By Concentric Counselor Christian Younginer, LPC, NCC
Life XXXV by Emily Dickinson
I CAN wade grief,
Whole pools of it,—
I ’m used to that.
But the least push of joy
Breaks up my feet, 5
And I tip—drunken.
Let no pebble smile,
’T was the new liquor,—
That was all!
Power is only pain, 10
Stranded, through discipline,
Till weights will hang.
Give balm to giants,
And they ’ll wilt, like men.
Give Himmaleh,— 15
They ’ll carry him!
Emily Dickinson’s word choice in the first line sticks with me- she can “wade” grief. She can trudge through the thick, tarry mire of sadness, pain, loss, and sorrow. It really feels like that, doesn’t it? This viscous bog of grief, she’s “used to that”. It’s familiar for her. But joy is foreign.
Although she can bear the pain of life, let life surprise her with joy and she will stumble, drunkenly. This voices a common human experience: Let something test our resolve, and we will meet that challenge. But let us be vulnerable, and we will dissolve.
It is easier to harden, than to soften. Give comfort and love to giants, and they will “wilt” into ordinary men, but ask them to carry mountains (‘Himmaleh’ is the archaic form of ‘the Himalayas’), and they will offer up themselves.
This brings us to the question of this post: How does a person allow themselves to be vulnerable, without wilting? How do they remain resilient when life gets hard, without hardening themselves?
What is vulnerability?
The insightful Brené Brown defines vulnerability as both “the birthplace of love, belonging, joy, courage, empathy and creativity”, but also as “uncertainty, risk and emotional exposure” (Daring Greatly). So, our options are: recoil at the latter and tell ourselves we don’t need the former OR accept the latter because we accept that we need the former.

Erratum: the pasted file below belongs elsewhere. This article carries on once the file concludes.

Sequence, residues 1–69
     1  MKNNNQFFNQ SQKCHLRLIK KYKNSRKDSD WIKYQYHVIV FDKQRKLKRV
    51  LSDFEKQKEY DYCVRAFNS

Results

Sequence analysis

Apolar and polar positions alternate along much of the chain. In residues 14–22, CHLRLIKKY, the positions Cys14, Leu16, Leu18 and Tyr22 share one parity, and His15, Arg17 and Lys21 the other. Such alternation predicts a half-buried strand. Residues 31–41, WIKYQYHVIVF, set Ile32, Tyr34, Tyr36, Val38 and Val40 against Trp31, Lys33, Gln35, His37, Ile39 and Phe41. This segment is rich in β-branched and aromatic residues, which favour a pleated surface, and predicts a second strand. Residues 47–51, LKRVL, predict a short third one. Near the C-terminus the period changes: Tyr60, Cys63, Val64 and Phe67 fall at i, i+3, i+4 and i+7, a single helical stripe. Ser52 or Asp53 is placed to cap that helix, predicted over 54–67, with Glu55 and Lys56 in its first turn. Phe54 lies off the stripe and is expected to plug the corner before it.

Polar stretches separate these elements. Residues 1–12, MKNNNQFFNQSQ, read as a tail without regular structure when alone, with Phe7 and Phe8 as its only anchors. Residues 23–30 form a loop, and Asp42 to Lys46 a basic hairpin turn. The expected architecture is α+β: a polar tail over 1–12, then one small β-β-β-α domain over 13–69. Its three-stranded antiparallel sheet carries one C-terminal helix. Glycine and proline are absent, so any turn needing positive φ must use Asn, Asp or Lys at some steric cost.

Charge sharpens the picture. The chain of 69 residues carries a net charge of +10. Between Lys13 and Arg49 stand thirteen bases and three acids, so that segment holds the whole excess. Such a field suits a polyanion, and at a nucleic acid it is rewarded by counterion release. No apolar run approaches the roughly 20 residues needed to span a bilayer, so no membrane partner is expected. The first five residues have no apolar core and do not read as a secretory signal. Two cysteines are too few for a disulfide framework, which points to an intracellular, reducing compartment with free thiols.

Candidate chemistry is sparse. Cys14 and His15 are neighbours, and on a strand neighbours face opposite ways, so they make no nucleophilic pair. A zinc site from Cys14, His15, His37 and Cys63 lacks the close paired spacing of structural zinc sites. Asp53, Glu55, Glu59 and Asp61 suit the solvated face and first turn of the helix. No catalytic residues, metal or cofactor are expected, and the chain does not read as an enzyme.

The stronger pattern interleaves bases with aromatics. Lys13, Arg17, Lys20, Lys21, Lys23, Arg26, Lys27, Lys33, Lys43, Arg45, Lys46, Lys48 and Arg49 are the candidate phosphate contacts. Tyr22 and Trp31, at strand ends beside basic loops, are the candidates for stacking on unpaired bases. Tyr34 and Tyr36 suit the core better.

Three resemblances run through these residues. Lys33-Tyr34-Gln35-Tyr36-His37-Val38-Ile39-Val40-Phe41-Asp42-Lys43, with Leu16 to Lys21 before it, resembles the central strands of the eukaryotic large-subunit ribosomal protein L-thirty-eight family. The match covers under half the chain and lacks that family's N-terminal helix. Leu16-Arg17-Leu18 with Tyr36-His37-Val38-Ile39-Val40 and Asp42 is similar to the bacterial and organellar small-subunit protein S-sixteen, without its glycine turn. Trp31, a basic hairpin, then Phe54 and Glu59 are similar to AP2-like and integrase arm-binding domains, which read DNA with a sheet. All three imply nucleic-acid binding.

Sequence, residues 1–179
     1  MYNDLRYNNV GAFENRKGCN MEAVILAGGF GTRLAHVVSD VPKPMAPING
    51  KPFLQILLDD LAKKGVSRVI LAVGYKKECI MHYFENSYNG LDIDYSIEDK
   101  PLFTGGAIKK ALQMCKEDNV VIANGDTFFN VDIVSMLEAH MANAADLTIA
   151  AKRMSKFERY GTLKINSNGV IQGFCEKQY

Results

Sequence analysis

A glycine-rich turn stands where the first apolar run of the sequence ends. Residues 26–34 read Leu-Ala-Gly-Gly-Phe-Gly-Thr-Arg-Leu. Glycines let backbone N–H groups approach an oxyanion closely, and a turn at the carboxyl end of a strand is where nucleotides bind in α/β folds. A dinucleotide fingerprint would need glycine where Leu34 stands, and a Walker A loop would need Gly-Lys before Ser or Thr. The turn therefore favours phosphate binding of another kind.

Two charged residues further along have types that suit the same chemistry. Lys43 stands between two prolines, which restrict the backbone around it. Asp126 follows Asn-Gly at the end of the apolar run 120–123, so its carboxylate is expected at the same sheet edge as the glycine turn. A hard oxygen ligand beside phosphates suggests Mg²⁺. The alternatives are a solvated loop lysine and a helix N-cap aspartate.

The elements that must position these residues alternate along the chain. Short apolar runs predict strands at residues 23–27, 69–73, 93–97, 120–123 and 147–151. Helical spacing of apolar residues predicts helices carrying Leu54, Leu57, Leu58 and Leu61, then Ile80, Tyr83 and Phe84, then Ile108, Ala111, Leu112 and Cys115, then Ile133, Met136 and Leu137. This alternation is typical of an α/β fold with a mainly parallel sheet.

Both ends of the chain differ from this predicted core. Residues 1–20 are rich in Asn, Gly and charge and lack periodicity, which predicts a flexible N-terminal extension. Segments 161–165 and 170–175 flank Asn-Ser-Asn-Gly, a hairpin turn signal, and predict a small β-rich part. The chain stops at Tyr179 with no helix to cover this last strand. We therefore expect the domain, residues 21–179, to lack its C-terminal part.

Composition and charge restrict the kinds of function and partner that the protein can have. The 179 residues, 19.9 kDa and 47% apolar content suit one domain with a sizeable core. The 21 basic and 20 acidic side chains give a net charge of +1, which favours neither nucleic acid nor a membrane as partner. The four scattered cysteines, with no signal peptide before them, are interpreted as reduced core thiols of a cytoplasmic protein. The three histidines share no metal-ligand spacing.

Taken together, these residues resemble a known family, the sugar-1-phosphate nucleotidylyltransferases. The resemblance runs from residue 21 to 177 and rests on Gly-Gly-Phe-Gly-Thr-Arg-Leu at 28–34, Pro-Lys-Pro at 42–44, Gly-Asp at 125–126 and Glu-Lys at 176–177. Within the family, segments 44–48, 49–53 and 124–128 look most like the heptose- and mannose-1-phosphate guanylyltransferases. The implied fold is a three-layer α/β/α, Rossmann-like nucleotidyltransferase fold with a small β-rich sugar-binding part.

There were times in my life where I clung to the idea that ‘ I don’t need others’- to avoid feeling exposed. That idea eventually spoiled, and I was faced with the reality that I DO need others. While I was aware of the fact, I had not yet accepted it. It was not until I accepted that I need others that my journey towards understanding vulnerability began.
Being vulnerable feels like the difference between writing in the 3rd person and 1st person. It is keeping others at a distance, to avoid the pain of feeling exposed- of not being accepted. If you notice, I switched from using “they” and “them” to “I” and “we”. As I wrote, I noticed feeling exposed, but I also noticed feeling satisfied with my self-awareness and honesty. That is, I felt joy in sharing this part of myself so that it might be of help to someone. It is this ‘trade-off’ that I believe Brené Brown is describing. If we can be ok with feeling a little exposed, we can receive wonderful gifts of acceptance, approval, validation, and love.
In my pursuit of understanding vulnerability, I came to a choice. Would I rather feel uncomfortable or alone? My choice to embrace vulnerability and accept the possible “emotional exposure”, speaks to not only my desire for connection with others, but to the horror of the alternative: feeling alone. Jumping from a burning building does not mean that jumping is not scary, rather the alternative is too horrifying to consider.
What I am suggesting almost seems oxymoronic: Become vulnerable to become stronger. Invulnerability is not a superpower. Unless Superman exists and no one told me. Rather, accepting that we need others is the true superpower. One powerful result of letting ourselves connect is resilience. That is, if we temper ourselves in the furnace of vulnerability, we become stronger than we were. This is possible due to what Brené Brown references as the gifts of vulnerability: love, belonging, joy, courage, and empathy. Having these in our arsenal make us stronger humans, less prone to burnout and emotional distress.
Let us learn to enjoy the intoxicating effects of joy and not let it cause us to stumble. Carry the mountain if asked, because you are strong enough to shoulder it. But also do not wilt at receiving comfort or help. If we accept that we not only need others for support, but also that they have gifts to offer us, we become stronger. More resilient to carry the mountains when we need to and more courageous to be vulnerable when we just can’t carry anything else. It is the courage and strength to say: “ I’m not ok right now. But I will be.”